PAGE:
Time Warner Cable and Hearst Reach a Deal

Retrans spat produced lawsuit

Hearst and Time Warner Cable have reached an agreement regarding the 16 stations in 14 markets blacked out of TWC's cable package as the two companies tried to come to an agreement over a fair price to retransmit those stations' signals.

Retrans has been a thorny issue in recent years as carriage agreements come up for renewal after major changes in the marketplace, such as a plethora of over-the-top content providers like Netflix and Hulu, along with the nationwide changeover from analog broadcast signals to digital, which renders broadcast TV unwatchable in many urban areas.

This particular carriage spat has had one important wrinkle: when the previous agreement expired, TWC replaced Hearst's signals with repurposed signals from Nexstar stations in several markets where TWC believed its license with Nexstar allowed it to do so. Nexstar disagreed and filed a lawsuit against the cable operator on Monday. There's no word as of yet on the current status of the suit—part of the suit was a restraining order, which no longer applies, but the aggreived station owner is also seeking damages.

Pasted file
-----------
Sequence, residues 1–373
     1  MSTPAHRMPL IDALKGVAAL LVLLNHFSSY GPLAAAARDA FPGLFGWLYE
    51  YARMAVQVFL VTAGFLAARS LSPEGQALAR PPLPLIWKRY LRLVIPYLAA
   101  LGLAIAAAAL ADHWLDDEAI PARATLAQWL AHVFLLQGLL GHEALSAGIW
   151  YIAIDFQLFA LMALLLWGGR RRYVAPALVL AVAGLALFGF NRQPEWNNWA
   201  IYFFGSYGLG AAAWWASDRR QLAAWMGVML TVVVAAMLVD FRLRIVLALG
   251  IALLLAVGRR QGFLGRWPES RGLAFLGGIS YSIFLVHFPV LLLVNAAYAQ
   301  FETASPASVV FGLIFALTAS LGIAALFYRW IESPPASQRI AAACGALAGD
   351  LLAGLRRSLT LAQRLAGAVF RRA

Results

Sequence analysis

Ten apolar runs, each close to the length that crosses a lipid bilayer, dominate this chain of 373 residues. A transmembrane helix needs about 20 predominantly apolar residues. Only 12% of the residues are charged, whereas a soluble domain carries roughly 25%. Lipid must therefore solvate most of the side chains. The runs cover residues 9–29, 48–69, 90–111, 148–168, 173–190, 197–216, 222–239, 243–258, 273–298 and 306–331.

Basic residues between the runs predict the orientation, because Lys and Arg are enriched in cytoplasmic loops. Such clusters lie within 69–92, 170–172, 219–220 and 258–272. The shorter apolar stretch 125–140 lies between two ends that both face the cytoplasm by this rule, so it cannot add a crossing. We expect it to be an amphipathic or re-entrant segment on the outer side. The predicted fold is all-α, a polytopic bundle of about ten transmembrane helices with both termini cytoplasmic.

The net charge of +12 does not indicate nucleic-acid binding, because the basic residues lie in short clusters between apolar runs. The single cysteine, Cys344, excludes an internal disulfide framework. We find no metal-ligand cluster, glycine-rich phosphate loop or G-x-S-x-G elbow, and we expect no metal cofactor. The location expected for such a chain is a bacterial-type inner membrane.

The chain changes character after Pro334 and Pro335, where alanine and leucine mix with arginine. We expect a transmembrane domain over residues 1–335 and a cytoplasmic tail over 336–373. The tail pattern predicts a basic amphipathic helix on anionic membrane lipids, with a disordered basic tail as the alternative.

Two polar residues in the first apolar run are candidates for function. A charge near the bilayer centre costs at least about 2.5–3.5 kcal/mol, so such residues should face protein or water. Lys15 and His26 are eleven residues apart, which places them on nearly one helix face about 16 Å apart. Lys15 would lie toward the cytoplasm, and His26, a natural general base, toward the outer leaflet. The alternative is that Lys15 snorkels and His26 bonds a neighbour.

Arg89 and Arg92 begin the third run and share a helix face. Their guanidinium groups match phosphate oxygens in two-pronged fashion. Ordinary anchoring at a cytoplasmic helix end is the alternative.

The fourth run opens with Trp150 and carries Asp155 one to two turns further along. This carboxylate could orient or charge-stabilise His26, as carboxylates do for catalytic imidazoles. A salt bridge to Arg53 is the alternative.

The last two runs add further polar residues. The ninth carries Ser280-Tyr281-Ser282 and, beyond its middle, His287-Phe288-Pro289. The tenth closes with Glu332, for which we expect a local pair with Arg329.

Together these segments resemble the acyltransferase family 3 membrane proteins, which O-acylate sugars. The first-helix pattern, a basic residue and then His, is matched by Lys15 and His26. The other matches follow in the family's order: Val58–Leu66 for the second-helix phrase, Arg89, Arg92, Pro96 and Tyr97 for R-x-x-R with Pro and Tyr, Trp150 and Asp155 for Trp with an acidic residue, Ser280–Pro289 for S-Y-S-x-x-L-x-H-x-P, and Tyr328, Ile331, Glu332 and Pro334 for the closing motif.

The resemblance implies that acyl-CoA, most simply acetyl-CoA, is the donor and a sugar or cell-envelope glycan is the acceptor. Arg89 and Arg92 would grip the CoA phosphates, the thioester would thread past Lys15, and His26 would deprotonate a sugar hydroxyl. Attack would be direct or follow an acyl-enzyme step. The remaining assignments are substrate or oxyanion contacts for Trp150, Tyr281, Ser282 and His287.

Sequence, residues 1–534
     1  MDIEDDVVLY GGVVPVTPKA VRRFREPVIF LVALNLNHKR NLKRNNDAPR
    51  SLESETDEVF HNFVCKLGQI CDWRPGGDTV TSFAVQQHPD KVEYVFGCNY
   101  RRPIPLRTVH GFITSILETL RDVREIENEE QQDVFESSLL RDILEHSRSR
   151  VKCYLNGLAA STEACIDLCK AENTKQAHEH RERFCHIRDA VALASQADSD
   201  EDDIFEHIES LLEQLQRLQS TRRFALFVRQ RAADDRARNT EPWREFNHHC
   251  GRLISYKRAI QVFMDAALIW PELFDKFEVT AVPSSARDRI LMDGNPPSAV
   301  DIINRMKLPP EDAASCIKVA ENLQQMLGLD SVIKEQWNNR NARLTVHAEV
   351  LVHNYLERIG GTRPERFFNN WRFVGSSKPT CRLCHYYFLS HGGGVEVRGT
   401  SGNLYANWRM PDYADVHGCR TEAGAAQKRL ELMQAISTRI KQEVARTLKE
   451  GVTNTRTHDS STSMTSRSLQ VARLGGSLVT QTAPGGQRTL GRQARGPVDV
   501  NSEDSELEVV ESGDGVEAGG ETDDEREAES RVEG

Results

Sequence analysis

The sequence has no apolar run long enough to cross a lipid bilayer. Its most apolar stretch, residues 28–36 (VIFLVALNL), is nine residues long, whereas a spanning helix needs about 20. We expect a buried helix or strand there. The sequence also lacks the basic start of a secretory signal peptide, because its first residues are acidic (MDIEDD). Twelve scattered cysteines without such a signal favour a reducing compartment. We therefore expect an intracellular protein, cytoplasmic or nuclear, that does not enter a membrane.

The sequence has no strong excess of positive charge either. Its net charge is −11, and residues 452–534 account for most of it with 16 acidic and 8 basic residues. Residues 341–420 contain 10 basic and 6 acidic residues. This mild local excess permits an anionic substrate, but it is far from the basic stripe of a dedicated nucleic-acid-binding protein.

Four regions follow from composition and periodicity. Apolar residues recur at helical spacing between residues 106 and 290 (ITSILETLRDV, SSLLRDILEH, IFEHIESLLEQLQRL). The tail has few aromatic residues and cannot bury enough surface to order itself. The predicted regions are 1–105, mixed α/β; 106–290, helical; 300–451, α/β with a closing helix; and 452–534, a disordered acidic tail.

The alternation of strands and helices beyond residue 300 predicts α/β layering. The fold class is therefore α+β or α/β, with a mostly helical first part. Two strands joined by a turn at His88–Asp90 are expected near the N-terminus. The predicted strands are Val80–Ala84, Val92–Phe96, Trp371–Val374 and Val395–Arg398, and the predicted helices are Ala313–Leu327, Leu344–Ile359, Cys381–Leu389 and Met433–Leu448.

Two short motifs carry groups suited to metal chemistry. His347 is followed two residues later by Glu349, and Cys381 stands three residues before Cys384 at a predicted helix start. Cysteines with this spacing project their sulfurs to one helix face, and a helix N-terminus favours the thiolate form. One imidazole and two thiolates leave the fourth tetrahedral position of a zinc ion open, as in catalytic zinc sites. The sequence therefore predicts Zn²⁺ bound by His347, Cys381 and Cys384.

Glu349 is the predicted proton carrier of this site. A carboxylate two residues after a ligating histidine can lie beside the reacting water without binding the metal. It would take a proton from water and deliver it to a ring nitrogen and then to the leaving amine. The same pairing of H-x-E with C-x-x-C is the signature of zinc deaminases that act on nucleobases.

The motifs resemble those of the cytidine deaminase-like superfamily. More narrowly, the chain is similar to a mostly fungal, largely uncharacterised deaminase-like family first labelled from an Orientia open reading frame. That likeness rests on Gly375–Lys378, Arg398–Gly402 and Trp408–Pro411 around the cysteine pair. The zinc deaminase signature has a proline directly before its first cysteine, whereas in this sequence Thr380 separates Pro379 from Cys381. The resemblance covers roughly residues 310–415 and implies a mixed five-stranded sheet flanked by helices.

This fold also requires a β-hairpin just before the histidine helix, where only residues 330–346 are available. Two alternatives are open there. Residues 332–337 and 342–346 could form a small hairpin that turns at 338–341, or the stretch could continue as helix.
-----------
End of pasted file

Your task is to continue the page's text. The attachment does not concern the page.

Hearst issued a statement on Thursday evening calling the end of the dispute a victory for localism. “We  appreciate the support and patience of our viewers, advertisers and local communities served by our stations, and we regret the inconvenience they’ve experienced over the past 10 days,” wrote Hearst president & CEO David Barrett. “This process has been an important step to [e]nsure the ongoing vitality of our local TV service in communities across the country.”

UPDATE: Time Warner has issued a slightly less genteel statement on the agreement. "We have reached a long-term agreement with Hearst Television and our customers can expect their signals to be restored to our cable systems shortly," the cable operator said. "We thank our customers for their patience and their willingness to stick with us through another unnecessary broadcaster blackout."

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